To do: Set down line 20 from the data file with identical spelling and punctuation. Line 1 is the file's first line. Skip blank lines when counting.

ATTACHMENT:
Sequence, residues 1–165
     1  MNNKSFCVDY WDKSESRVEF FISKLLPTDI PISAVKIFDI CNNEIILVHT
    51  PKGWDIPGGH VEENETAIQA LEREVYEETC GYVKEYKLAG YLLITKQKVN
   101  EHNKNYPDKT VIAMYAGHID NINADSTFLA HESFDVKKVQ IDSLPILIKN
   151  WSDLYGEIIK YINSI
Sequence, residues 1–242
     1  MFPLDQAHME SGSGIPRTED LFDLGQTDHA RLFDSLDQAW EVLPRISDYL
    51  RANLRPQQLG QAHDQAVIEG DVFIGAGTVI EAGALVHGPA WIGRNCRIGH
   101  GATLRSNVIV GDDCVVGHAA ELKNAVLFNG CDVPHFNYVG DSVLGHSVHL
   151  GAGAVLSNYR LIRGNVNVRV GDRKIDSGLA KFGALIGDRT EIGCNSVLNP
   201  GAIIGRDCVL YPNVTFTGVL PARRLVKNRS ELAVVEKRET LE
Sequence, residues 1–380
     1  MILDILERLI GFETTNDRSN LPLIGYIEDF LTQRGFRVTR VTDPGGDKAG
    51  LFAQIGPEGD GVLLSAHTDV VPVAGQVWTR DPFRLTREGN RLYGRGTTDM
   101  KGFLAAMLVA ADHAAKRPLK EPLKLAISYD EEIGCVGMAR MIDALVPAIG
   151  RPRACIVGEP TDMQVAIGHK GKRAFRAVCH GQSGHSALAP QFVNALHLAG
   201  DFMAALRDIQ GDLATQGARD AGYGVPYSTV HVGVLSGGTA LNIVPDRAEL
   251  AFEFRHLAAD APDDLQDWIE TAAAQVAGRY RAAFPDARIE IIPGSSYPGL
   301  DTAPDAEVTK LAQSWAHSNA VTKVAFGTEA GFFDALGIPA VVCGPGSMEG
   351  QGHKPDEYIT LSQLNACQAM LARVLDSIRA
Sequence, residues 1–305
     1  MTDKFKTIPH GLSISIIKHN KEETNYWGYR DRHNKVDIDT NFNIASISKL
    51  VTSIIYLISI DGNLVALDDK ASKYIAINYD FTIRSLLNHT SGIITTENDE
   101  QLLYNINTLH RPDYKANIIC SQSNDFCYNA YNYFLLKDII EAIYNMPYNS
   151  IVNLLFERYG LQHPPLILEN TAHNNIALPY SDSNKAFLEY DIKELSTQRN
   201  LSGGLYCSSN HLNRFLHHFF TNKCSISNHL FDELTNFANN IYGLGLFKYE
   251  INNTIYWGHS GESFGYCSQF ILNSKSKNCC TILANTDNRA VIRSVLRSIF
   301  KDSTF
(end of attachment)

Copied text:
   351  QGHKPDEYIT LSQLNACQAM LARVLDSIRA